by Matthew C. Harrison
As I write these words, First Vice-President Herb Mueller is at home recuperating from brain surgery. A tangerine-sized tumor was removed this past week.
A couple of weeks earlier, Herb had told me that the May 2019 Council of Presidents (COP) meeting was his 101st. Before becoming Synod First Vice-President in 2010, Herb had served the better part of two decades as President of the Southern Illinois District. We noticed he was not himself at the COP meeting. A few days later, the diagnosis came, and surgery quickly followed. Doctors will soon set him on a course of treatment, but we rejoice that 95% of the tumor was removed. Years ago, Herb had promised his wife, Faith, that he would retire in September 2019. And now, after all these years of service, with Herb having reached retirement age, it is time for him to enjoy more time with his lovely wife, his children and his grandchildren.
I cannot thank God enough for the colleagues I’ve served with as Synod president. Herb has been a standout among many excellent and gifted servants of Christ. The Lord has blessed him with guilelessness. The Lord has blessed him with a work ethic unparalleled. The Lord has blessed him with a profound grasp of the Bible and the Lutheran Confessions. The Lord has blessed him with deep humility and compassion. The Lord has blessed him with tremendous experience. The Lord has blessed him with wisdom, compassion, honesty and love. I’m a much better man and Synod president for knowing him and serving with him. Herb is in robust health otherwise; he’s had to be to keep up with his intense schedule of service to the church. For three terms we have maintained a vigorous visitation of all 35 districts (per the LCMS Constitution) to listen, learn and encourage. Herb has overseen the directive of the 2016 convention that we colloquize qualified licensed lay deacons into the Office of the Ministry. He’s carried out that herculean task with fidelity and kindness. And we agree that, according to the Bible (Rom. 10) and the Lutheran Confessions (AC XIV), if a man is regularly performing the duties of the pastoral office, he should be placed in the pastoral office (call and ordination).
Please join me in constant prayer for our beloved brother and colleague in Christ, that he will respond well to treatment and can join us at the 2019 LCMS convention in Tampa. Our theme is “Joy:fully Lutheran,” based on 1 Thess. 5:16–18, which reads, “Rejoice always, pray without ceasing, give thanks in all circumstances.” We rejoice over God’s great gift of Herb Mueller and kindly request you to join us in ceaseless prayer for him at this important juncture in his life.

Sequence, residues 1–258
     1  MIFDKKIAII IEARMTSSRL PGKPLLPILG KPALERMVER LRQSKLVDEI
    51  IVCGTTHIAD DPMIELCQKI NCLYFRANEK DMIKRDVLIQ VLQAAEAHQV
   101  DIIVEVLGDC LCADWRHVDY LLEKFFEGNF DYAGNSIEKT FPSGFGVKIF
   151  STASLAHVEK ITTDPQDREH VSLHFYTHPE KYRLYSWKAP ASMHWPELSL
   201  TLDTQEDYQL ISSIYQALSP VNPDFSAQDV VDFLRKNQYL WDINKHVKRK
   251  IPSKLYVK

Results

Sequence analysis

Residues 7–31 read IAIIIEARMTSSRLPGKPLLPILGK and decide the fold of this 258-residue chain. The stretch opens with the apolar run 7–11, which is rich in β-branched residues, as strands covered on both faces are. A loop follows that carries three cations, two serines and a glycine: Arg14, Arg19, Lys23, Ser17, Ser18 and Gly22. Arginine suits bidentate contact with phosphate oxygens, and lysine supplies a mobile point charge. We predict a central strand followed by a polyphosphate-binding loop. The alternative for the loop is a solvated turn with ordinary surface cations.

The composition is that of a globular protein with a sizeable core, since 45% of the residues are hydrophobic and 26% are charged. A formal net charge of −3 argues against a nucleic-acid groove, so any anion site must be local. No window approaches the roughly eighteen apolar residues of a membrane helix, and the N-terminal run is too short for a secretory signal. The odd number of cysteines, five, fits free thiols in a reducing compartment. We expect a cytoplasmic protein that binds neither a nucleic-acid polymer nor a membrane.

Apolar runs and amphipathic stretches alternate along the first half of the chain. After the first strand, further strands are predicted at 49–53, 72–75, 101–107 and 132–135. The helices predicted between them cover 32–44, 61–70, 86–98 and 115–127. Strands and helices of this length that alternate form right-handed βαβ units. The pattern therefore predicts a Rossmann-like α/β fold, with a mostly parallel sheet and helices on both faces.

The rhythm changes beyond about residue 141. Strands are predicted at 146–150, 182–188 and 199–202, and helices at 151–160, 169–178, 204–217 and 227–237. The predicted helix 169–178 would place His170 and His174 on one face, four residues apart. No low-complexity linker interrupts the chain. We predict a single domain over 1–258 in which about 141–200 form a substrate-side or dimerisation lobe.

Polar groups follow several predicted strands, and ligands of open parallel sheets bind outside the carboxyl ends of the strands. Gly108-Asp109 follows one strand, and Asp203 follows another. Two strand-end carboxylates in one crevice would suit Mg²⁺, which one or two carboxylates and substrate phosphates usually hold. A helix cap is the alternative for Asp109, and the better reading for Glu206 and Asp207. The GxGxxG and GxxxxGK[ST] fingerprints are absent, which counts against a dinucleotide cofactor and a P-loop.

The 2019 LCMS convention is just around the corner. Most of you reading this will not be in attendance. Many will. I remember some years ago visiting Lutheran Senior Services here in St. Louis. A group of retired pastors was sitting at a table, and I stopped by to talk with them and see how they were doing. One responded, “I used to get so worked up about LCMS conventions. Now I couldn’t care less!” And then he laughed uproariously. Synod conventions are important. According to our Constitution, conventions (under the authority of the Bible and the Lutheran Confessions) have the final say in the LCMS. But the drama, frankly, is often overblown.
We work very hard to get issues to the floor in a way that they will find broad agreement. In fact, the past two conventions have had very high, perhaps record high, support for actions. The average resolution in 2016 passed at some 92%. I’ve had many delegates tell me that other delegates from previous conventions had told them to expect something negative when they go to the convention. But then, when they went to our convention, the events that they experienced were, in fact, very positive. In 2016, the two most controversial resolutions — regularizing of licensed lay deacons (Res. 13-02A) and ecclesiastical supervision (Res. 12-14) — passed by some 74% and 94%, respectively.
At our 2019 convention, we’ll have solid teaching on 1 Thess. 5:16–18 and being “Joy: fully Lutheran” — including rejoicing, prayer, and thanksgiving. The Lord will bless us, as He always does, with the election of qualified people to serve many different roles in the church. We’ll deal thoughtfully with important theological issues and with how to go about confessing Jesus in today’s world and culture. The Rev. Dr. Gottfried Martens, who planted and pastors a church in Berlin made up of nearly 2,000 former Muslims, will teach us about being thankful. We will have amazing reports from our missionaries around the globe. Our daily worship will be first rate! We’ll talk about challenges (and there are always challenges). And there will be humor. There is always good humor. I love to grab each of the vice-presidents and put them in the chair for a time. Something humorous always happens! There will be moments when offense is given or taken, and apologies and forgiveness in Jesus will predominate and take place. That’s what Christians do. No one will get everything that he or she wants. But the Lord will bless. You can count on it. This is convention number 67 in 172 years of The Lutheran Church—Missouri Synod. And the Lord has not ceased to bless us!
I do hope you will watch the convention online at lcms.org/convention/livestream. Delegates invariably come away shocked at how large and extensive the work of the LCMS is. We all learn so much. This convention, we will rejoice together in being “Joy:fully Lutheran.” We will meet leaders representing millions of our friends from around the globe. And we will go forth, encouraged and confident to share Christ where we live and work. To God alone be the glory!
— Pastor Harrison